I disagree with your statement regarding FF users and the cost of an FF setup. FF users are not much more likely to be rich than your average prosumer APS user these days: here in Canada, a 5D2 is $1999 and a 7D is $1449, which is not a huge difference. Also, used 5Dc's and 1Ds(II)'s can easily be had for less than $1500.
Your entitled to disagree, but don't forget that the 7D itself it quite an expensive camera that most photographers can't justify spending out on. I take your point with used full frame, but I think the age of the cameras you mention is a put off. Not only do they lack a lot of the features that even the Rebel line has these days, but I would also be concerned about spending a significant wad of cash on such a old camera; these days cameras are basically consumer electronics and as such, I would not trust their reliability long term versus a film camera (maybe that's just me). By the way, a used 1Ds MkII still sells for more than a 7D, here in the UK at least.
Secondly, a 5D2 with a 35/2 provides better performance at a cheaper price than a 7D with 24L (my set up); similarly, said 5D with 50/1.4 is much cheaper and better than said 7D with 35L. You can pretty much go on forever with similar comparisons. A 5D2 with 24/2.8 isn't even comparable to APS, as an EF-S 15/1.8 doesn't exist and if it did, the price would be frightening.
Sure, but a 5D2 with a 35mm f/1.4L will perform even better; are you suggesting that you should shell out over Â£1500 for a camera and put a Â£220 lens on it (I'm sticking to my home currency here)? You're right when you state that there is no comparing the 5D2 with a 24mm lens to an APS-C camera, that's my point -Canon haven't bothered to produce a fast 24mm equivalent prime for APS-C. You believe that a 15mm f/1.8 for APS-C would cost a fortune; I'm not sure that I'd agree, wide angles crop lenses require a lot less glass than for full frame, which is the whole point of EF-S (but I think that a 15mm f/2 would be a better performance-price compromise).
If you look at it this way, you can see that your statement about a "decent" FF kit being expensive is quite wrong. One (myself included) might even say the opposite is true. I suppose that makes me look dumb, as I have a 7D/24L, but in my defense, they were purchased years apart, I need the 7D's features and my mkI 24L was way less than the new one is.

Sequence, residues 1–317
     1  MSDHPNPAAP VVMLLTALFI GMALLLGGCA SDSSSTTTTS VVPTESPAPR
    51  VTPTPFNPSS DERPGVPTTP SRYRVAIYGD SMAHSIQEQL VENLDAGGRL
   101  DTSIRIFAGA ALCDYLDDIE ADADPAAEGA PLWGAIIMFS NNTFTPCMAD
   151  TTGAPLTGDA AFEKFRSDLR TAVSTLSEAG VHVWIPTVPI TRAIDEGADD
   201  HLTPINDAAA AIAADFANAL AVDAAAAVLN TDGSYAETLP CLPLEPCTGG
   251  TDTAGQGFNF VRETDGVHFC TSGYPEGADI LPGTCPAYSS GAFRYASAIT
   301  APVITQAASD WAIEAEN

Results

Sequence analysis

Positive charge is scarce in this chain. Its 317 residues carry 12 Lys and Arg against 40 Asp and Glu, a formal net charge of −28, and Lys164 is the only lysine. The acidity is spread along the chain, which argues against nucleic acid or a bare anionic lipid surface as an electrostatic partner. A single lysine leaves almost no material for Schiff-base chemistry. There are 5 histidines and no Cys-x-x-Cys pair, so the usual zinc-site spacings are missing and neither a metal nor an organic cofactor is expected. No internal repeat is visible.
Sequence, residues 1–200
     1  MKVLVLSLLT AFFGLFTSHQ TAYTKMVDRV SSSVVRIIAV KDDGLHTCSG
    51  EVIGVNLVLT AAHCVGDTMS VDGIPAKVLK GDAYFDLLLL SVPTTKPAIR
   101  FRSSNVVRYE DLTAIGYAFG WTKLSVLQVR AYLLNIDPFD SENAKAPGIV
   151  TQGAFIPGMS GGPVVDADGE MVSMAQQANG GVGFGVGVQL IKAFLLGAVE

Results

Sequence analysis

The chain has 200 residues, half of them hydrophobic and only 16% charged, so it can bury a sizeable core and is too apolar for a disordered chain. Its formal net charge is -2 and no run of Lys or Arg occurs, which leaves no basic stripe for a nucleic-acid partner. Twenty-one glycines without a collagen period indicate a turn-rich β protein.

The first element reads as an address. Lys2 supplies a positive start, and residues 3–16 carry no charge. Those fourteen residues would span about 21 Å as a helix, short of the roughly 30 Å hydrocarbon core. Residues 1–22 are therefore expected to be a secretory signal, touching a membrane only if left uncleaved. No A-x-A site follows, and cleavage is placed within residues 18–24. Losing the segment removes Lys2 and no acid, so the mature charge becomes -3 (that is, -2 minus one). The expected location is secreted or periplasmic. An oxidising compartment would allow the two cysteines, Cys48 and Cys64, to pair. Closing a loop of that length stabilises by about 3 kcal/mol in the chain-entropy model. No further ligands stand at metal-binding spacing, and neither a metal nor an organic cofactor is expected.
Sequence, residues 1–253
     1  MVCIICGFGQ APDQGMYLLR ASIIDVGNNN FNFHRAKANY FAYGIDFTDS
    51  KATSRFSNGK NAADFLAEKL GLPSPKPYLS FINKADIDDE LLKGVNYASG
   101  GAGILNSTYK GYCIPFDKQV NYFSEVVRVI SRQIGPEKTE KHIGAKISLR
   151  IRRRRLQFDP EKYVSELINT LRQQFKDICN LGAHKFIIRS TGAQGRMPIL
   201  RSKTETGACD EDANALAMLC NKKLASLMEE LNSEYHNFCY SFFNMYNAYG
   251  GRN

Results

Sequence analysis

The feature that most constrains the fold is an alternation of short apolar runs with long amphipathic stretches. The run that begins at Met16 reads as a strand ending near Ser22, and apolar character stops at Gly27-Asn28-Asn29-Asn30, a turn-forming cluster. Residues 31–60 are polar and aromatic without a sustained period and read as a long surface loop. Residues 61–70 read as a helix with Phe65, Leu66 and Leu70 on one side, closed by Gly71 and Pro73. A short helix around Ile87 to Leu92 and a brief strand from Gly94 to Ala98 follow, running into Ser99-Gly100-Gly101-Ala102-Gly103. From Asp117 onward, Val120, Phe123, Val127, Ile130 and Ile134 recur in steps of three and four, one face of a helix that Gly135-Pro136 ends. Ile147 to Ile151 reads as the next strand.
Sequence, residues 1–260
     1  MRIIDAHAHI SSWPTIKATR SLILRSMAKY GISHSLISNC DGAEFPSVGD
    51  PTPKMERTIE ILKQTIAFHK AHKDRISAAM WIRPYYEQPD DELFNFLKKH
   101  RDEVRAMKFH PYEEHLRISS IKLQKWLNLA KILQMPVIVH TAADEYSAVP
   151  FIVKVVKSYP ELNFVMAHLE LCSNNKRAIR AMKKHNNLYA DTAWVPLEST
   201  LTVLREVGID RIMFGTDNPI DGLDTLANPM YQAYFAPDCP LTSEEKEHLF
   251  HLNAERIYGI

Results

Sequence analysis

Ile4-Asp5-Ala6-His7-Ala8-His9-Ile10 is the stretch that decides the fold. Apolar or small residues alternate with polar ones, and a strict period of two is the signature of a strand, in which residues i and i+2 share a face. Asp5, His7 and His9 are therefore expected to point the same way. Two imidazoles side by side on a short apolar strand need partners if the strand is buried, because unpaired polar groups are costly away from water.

No need to defend yourself, your main camera requirements dictated that a 7D was the better choice of body for you. The fact that you had to shell out for a 24mm f/1.4 to get a (roughly) 35mm equivalent fast prime demonstrates that there is a demand for dedicated EF-S lenses in this range. How many people haven't bought a 24mm f/1.4L because it's too expensive for their budget, but would buy an EF-S 22mm f/1.8 (for example). Now you are thinking about buying a 5D MkII in addition to your 7D to meet your ndesire to use fast wide angle primes (I'm guessing -am I correct?). This would mean that you've covered all bases, but it's hardly an affordable option.
If you don't need high PD or the AF/FPS of a 7D, how exactly are your priorities wrong in buying a 5D2 with cheap glass? You get better performance for less $$$ and often end up with a lighter, smaller kit as well. There's no rule stating that FF users are stuck buying L glass and honestly, they need it less than us APS guys.
First, what if you do need both (like you?), buy a 7D and a 5D2? Second, how much do you think that a 5D2 be worth in ten years and how will your 24L be worth? Third, you keep insisting that it's a 5D2 or a 7D; most people shoot with Rebels and XXD cameras.
This is why I like the idea of Canon updating these non-L primes: they would benefit both APS and FF shooters. These lenses are mostly fine optically, all they need is USM, more aperture blades and maybe a tweak here and there. They should definitely be kept EF though, even if there is a small cost savings to make the wider ones APS, there's more than enough interest in them from FF users. Personally, I'm looking to add an FF body as soon as I can afford it and would definitely buy a 35/2.
If Canon could do this, it'd be ideal. I just think that, especially with wide angle glass, there are quite a lot of cost savings to be made by going EF-S. Compare the price of the Nikon AF-S 35mm f/1.8 G DX to the much poorer spec Canon EF 35mm f2.0; or the Canon EF-S 17-55mm f/2.8 to the EF 16-35mm f/2.8.